Endangered Amur Leopard Faces Extinction

Endangered Amur Leopard Faces Extinction
The Amur leopard (Panthera pardus orientalis), also known as the Far East leopard and the Manchurian leopard, is found in the snowy temperate forest of Primorsky Krai, located in eastern Russia. It is the rarest subspecies of Panthera in existence, and it is hanging on by a fine, frayed thread. A census count, using camera monitors, determined that there are fewer than 40 remaining in the wild.

The Amur leopards once roamed throughout Korea, China, and expansive parts of Russia. However, human expansion, the greed of poachers, and oil pipelines, took its toll on the animal's ability to survive. The continuation of human error is seen as these precious few survivors are captured and caged in zoos, under the guise of species preservation. However, this tactic further degrades the species due to unnatural and prolific inbreeding. This produces inferior offspring that have increased medical complications with a shorter life expectancy. The result is a watered-down version of the Amur leopard that is unlikely to survive in the wild, even if it were able to overcome the shortfalls of being born into captivity and then being set free. Hence, not preserving the species, but expediting their extinction.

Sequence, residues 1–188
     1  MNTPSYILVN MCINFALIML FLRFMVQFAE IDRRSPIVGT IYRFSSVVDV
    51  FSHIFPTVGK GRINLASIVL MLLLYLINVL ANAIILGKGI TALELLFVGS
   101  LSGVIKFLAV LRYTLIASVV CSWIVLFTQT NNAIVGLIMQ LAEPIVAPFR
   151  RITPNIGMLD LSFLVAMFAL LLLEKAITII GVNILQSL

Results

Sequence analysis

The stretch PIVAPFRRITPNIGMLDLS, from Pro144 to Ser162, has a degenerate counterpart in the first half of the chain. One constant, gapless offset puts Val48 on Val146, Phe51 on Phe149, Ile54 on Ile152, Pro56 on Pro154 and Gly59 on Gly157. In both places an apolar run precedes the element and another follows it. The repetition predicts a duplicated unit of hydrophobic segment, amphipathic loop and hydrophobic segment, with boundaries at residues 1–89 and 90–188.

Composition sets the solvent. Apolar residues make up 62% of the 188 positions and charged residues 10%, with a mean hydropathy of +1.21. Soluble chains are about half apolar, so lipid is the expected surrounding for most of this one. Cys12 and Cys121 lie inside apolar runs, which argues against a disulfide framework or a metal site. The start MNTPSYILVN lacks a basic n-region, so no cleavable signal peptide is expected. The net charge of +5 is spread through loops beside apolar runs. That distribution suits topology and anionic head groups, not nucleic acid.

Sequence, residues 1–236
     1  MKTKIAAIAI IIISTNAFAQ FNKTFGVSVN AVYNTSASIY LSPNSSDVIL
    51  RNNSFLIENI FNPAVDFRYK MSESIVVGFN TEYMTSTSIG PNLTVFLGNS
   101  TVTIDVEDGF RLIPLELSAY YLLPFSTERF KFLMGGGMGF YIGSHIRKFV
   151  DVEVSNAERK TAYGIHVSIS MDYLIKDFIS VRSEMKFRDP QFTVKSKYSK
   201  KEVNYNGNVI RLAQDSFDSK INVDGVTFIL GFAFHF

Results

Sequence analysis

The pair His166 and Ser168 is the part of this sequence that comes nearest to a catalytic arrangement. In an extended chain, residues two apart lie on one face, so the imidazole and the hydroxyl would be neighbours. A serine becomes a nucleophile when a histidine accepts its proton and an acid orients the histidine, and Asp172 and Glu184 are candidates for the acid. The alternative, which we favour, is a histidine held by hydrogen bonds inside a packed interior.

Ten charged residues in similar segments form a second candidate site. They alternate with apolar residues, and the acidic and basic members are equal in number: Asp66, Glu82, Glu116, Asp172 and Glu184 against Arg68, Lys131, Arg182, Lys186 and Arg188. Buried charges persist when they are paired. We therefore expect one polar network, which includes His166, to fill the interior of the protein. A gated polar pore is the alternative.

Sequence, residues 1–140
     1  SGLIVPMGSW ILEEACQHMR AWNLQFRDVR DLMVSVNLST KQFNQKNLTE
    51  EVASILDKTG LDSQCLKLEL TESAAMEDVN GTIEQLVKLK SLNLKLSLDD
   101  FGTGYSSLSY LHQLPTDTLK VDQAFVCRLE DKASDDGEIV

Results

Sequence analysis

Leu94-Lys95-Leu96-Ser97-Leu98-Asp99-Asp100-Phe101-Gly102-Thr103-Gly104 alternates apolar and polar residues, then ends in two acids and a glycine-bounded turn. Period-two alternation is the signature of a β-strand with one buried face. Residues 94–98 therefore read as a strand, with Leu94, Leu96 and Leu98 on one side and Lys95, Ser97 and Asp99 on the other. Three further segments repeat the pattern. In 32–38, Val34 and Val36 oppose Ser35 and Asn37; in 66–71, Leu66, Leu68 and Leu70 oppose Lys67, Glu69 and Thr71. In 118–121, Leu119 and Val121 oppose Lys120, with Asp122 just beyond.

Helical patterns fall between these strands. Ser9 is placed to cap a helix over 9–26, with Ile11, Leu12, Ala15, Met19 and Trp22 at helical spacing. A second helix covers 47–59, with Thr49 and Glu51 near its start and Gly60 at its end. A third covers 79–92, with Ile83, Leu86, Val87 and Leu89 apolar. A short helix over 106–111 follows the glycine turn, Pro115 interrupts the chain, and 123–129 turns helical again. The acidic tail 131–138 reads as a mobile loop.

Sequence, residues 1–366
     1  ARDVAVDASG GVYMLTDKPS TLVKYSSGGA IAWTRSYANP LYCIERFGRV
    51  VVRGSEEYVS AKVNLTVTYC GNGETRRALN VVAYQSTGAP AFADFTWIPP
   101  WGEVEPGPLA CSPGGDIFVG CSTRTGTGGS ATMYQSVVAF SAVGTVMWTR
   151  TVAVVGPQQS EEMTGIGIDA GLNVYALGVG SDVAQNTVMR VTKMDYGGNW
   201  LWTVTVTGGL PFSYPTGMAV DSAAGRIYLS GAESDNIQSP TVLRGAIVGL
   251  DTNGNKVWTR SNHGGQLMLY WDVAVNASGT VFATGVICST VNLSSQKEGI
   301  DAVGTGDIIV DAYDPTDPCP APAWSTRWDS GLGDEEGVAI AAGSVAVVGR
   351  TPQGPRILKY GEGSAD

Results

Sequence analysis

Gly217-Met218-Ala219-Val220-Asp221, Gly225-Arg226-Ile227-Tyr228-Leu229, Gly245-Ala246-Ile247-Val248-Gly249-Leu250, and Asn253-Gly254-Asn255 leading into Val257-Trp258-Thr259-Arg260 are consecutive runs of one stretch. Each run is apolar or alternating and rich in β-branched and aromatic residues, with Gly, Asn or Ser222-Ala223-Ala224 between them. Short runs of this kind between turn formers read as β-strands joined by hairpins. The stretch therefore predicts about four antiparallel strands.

Amur's run in excess of 35 miles per hour (56km/h), are able to vertically leap 19 feet (5.8m) and horizontally jump 10 feet (3m). On average, they are 5 feet (152cm) long, weigh about 100 pounds (45kg), and are adaptable to snowy climates because they have the longest legs in the Panthera genus. Their average lifespan in the wild is 15 years and they are territorial. Females keep a range of 35 square miles (90 square meters), and males traditionally keep a broader range of 155 square miles (401 square meters).

Under normal conditions, Amur leopards and tigers would traditionally overlap in living space. However, leopards keep more to trees and mountain ranges, which allows these two big cats to coexist peacefully with each other and share in nature's bounty. Both big cats are ecologically significant for maintaining a proper natural balance to other animal populations that are prolific breeders, like deer, rabbits, badgers, and rodents. They are better suited to this task than humans are, for these cats know better than to cull their prey out of existence; a lesson humankind has not yet mastered.

The urgent demand for their preservation has inspired conservation efforts to establish poaching patrols. Global Giving has set up a comprehensive online involvement campaign where people can volunteer or donate in an effort to protect the Amur leopard and capture poachers.

You Should Also Read:
Jaguars Awarded Critical Habitat
The Dangers of Crossbreeding Big Cats
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